When Saundra O'Rourke attended a two-week training session with her mother between high school and college, she had no idea it would lead to her future career.
The corporate trainer at the session made such a tremendous impression on O'Rourke that her curiosity was piqued. How did she enable everyone to understand? What great skills did she possess?
"She explained concepts in a variety of ways until everyone understood and could apply them, and she encouraged participation among the group." O'Rourke says.
In college, she took a psychology class from a professor with the same attributes, and was inspired to find out what "mythical skills" these two individuals possessed that made everyone want to learn more about everything they were teaching, she says.
After college, O'Rourke took an entry-level position as a benefit analyst with a large insurance company. She spent 18 months searching for ways to demonstrate her abilities as a training and development specialist and gain the experience necessary to be taken seriously.
Recognizing the need for a cross-functional training program within two areas of her department became just the break she needed. "The challenge was the benefit analysts lacked the knowledge and interpersonal skills to successfully resolve customers' issues," she says.
Spending several weekends designing a training program, O'Rourke then presented the plan to her boss. "He was impressed enough to ask me to facilitate the program," she says.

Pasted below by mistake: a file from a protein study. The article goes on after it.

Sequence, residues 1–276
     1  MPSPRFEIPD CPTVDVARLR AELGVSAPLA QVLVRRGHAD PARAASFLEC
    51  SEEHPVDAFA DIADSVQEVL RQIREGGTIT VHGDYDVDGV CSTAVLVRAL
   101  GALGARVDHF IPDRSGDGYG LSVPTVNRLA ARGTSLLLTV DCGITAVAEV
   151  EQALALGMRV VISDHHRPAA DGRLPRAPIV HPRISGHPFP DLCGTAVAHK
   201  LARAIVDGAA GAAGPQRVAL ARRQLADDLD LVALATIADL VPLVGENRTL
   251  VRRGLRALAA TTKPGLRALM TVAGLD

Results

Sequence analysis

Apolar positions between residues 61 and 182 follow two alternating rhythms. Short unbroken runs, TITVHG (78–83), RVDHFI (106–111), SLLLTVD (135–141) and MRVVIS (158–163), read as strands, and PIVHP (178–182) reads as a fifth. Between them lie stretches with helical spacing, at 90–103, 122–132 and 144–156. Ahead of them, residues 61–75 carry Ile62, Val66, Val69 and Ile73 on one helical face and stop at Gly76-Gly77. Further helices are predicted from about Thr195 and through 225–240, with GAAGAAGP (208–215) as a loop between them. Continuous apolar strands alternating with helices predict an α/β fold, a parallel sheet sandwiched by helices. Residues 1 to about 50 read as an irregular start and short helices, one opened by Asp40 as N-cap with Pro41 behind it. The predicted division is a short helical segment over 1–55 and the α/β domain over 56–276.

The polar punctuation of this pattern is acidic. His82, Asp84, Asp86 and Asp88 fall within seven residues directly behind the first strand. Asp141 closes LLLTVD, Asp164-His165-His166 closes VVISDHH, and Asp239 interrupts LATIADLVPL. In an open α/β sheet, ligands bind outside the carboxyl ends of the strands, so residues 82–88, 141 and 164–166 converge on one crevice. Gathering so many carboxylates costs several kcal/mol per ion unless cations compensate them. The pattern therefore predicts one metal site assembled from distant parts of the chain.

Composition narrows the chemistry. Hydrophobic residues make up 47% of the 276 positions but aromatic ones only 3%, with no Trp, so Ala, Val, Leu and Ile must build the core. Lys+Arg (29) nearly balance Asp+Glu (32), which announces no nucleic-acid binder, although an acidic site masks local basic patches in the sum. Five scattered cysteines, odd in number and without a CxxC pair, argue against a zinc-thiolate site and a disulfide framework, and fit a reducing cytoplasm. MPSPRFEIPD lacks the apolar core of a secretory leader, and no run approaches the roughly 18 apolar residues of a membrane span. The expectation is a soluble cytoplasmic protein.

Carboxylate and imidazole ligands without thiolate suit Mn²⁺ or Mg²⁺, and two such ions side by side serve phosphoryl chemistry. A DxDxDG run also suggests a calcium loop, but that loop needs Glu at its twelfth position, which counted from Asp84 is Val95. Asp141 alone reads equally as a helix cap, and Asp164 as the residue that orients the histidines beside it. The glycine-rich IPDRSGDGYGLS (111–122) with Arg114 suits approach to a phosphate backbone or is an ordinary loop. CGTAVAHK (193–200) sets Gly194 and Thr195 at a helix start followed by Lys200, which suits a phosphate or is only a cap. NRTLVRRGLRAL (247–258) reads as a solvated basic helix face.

The company saw result immediately: It boost customer quality surveys, fewer callbacks, and increased first-time call resolution. She even received an award from the company and a $1,000 cash prize.
O'Rourke's experience then led her to a full-time training position at ADP, where she has gained some valuable insight into the training world. "In the beginning, I thought if I facilitated a workshop, met the course objectives, and the participants left happy, then it was a job well done," she says. "As my business acumen grew, I learned the hardest part of working in the training and development field is validating the impact of learning on business outcomes." She also learned two key things to be successful in her field—knowing your business, and being a leader.
Those who are successful, she says, focus on their organization's core strategic objectives and how learning and development can impact reaching those goals. "If you can't tie the course objectives of a workshop to the overall strategy and goals of your company, then you should be questioning the purpose of the workshop," O'Rourke says.
She also recommends leveraging your expertise to help you out in other unexpected areas of your company. "Then you will be able to leverage your operational experience to attain higher levels of success in this profession."